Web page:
I'm having trouble finding hard health data. The closest thing is that in 1972, life expectancy for the bottom half was 77.7 and for the upper half 78.9, while in 2001 79.6 years for the bottom half and 85.4(!) for the top half. Which amounts to about the same for the top half in 1972 and bottom half in 2001.

The top half life expectancy would be lower in the 1950s than the 1970s, but at the same time today's welfare underclass is probably significantly worse off than the average person in the lower half. I expect those would end up being a wash, and life expectancies would be comparable, though probably with a slight edge for the underclass of today.

That's a trade that I think would be worth it, given all the exceptional benefits of relative wealth and status. Yeah, no iPhones, but drivers, maids, home-visiting doctors, nice single family homes in fun areas, economic security, and ability to eat out or go to shows whenever you want makes up for it for most people.

The problem with metrics is they always measure less than you think. Polio, for instance, is more likely to cripple you for life than kill you.

You only have to go back to the year 2000 to give up iPhones. Going back to 1990 you give up the Internet. Going back to 1980 you give up Mac and Windows. Going back to 1970 you give up microwave ovens and personal computers at all along with cable television. Going back to 1950 you give up birth control, open-heart surgery, commercial air travel, and color television.

That's just technology. There's a huge cultural gap, too. In 1950 segregation was the law, there was little to no access to foreign culture, atheism was distrusted and associated with Communism, pre-marital sex was taboo, and women by and large did not work outside of the household, especially not when they had children. None of the music that I listen to even existed back then. None of it would even be possible.

I don't mean to valorize the 1950's generally, at all. Yeah, white privilege was encoded into law, but if you were a member of the ruling elite, that actually benefited you. The point about gender you make is well-taken.

There are two separate issues: consumer goods and actual well being. I think you overestimate the difference in consumer goods between the ruling elite in the Fifties and the contemporary welfare underclass: the latter rarely, if ever, can take advantage of commercial air travel and have severely limited access to open-heart surgery. And barrier birth control and abortion were readily available (albeit significantly more expensive) to the rich in the 1950s, while in the modern day they (especially abortion) are somewhat difficult, though far from impossible, for the underclass to access.

But quibbling over those details can make us ignore the more central point. Access to consumer goods is only part of the picture, because power is a very strong and often superior substitute good for most of them. Roombas are accessible to the middle class today, but they are inferior to an actual person cleaning the house for you, even with an antiquated vacuum cleaner from midcentury. The vast majority of the population can text each other now, but a well-off member of management could very easily have a secretary do the same through a messenger boy. The latter is slower, but in some ways easier: he (invariably a he) had at will access to an intelligence superior to the most advanced AI now, without the burden of having to hit tiny keys, save phone numbers, or remember to charge his phone. A member of the upper class in the 1950's did not have to worry about employment; about housing; about having interesting work; about getting fired for drinking on the job (hell, your company would pay for your booze and cigarettes); about worrying how to pay the bills the next month; about sending your kids to a school with regular shootings; about visiting the social worker to prove you had sent out pro-forma applications to jobs you're incapable of performing so you can get your welfare check.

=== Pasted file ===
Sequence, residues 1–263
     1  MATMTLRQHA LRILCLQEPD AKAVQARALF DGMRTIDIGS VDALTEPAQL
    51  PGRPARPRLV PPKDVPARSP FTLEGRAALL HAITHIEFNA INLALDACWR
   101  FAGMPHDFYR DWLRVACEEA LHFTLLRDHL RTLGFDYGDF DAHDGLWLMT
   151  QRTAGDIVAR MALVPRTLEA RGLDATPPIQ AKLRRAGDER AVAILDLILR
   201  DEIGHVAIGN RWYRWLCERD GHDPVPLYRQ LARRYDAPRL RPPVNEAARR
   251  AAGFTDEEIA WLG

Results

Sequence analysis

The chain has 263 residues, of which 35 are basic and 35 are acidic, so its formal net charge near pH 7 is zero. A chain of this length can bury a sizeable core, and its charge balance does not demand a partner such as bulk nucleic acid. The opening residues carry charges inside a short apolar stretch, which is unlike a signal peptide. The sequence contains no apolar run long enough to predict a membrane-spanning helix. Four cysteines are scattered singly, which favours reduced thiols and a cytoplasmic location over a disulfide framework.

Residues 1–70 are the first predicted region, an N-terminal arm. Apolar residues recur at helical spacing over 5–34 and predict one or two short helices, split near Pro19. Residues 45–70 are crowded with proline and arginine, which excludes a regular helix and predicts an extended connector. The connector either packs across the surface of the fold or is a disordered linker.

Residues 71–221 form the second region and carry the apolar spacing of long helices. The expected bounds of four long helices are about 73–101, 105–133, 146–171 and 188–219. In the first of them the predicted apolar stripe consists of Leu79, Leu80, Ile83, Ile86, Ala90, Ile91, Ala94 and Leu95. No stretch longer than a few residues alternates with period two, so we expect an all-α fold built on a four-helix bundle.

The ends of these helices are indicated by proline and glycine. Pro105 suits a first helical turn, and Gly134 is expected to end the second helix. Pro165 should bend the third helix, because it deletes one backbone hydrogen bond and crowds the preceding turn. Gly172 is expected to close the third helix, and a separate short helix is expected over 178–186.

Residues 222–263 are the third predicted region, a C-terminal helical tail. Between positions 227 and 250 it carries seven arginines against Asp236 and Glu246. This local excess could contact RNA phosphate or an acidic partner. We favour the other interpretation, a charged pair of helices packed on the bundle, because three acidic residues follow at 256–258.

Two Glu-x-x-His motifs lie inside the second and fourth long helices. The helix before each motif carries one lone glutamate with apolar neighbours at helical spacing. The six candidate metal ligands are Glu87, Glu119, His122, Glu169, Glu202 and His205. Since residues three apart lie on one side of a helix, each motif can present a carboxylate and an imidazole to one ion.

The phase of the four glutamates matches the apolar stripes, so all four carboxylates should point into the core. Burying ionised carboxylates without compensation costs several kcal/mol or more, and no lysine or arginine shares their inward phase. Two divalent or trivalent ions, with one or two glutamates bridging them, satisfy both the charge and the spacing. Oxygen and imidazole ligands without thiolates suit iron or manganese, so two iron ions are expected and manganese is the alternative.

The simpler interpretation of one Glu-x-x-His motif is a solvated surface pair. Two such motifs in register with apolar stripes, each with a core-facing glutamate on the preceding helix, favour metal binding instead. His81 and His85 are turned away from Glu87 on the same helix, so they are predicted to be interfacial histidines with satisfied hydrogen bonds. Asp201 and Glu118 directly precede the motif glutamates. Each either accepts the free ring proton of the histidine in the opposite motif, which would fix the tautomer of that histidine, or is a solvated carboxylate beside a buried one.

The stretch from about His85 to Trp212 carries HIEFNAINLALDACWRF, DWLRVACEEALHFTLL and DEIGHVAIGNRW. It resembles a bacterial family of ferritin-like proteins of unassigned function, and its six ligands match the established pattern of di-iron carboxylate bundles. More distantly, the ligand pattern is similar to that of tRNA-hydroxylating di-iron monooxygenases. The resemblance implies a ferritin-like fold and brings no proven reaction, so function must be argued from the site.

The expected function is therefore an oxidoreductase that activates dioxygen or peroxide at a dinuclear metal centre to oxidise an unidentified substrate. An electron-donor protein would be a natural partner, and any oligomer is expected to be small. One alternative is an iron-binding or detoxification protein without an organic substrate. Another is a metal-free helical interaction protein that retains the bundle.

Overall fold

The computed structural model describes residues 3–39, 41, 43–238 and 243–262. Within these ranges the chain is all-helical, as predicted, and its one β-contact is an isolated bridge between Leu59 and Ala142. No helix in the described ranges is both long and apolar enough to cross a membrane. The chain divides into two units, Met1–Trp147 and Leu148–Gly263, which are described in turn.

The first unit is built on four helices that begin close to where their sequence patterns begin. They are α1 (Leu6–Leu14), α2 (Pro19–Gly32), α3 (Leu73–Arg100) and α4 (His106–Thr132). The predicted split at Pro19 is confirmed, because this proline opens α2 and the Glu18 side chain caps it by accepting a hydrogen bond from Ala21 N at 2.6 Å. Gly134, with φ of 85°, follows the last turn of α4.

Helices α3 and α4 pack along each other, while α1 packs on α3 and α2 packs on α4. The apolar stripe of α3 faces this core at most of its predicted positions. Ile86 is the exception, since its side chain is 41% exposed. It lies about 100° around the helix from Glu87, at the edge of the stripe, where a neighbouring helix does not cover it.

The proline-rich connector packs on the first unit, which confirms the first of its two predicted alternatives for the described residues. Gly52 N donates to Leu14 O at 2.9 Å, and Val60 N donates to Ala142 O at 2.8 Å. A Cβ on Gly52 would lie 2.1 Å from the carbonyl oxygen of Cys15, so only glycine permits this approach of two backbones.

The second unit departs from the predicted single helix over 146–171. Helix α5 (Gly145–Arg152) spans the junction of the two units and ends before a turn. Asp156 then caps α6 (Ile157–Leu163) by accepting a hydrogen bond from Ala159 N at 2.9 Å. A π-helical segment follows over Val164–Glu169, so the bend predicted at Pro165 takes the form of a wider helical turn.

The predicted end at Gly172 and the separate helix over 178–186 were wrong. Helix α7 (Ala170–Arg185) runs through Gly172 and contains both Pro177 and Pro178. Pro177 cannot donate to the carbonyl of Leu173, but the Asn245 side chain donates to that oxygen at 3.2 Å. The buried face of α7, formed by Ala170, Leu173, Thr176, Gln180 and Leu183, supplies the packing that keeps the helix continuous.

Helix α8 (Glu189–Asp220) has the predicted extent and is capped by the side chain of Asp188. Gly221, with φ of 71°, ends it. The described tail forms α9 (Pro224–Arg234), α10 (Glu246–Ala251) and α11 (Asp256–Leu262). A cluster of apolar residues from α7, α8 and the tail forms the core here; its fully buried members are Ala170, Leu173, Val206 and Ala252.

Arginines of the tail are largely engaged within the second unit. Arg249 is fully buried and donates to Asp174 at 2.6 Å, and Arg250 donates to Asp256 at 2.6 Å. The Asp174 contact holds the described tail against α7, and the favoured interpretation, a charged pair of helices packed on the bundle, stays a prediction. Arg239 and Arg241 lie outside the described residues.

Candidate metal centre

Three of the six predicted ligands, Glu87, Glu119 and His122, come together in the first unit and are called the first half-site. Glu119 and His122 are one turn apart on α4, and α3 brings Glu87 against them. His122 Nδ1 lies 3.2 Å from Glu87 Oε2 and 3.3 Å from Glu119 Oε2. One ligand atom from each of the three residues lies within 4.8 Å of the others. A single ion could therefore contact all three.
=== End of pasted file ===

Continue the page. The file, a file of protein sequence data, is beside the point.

Some tradeoffs are less clear. The middle manager in 1955 had to worry about global thermonuclear war, but not about catastrophic climate change or poisoned soy sauce from China. We have hormonal birth control, but also HIV.

All of us are members of the professional upper middle class, so we're certainly better off. But an unemployed single parent living on the bad side of Hunter's Point? If I were forced to choose, yeah, I'd definitely go with the rich straight white guy in the 1950s with massive social privileges. Even with fewer gadgets and less sophisticated technology.

I think the tipping point is honestly Internet access. A member of the welfare class today has free access to the sum of human knowledge. No one had that in the 1950's.

And frankly, the poor have much better access to health care thank you think. I know from personal experience that a poor, uninsured person can still get necessary or even largely elective surgeries that may not have even existed, and surely would not be performed with the same level of safety and quality, in 1950.

Oh yes--and abortion was actually illegal in the 1950's.

  > pre-marital sex was taboo
Pre-marital sex happened in droves throughout human history. Whenever it's been taboo, that just means that it was behind closed doors and hush-hush.

  > There was no dialysis.
Read up on the dialysis situation in the US before pimping it as progress in medicine.

I'm no expert on dialysis, but ff we would be so much better off without dialysis even existing, then presumably no one, nowhere has legitimate reason to use it. Unfortunately, I think untreated kidney failure might be worse. Many medical treatments are not so much "good" as "better than death"--many cancer treatments, for instances, take the tactic of slowly killing the patient in such a way that the cancer dies faster than the healthy tissue.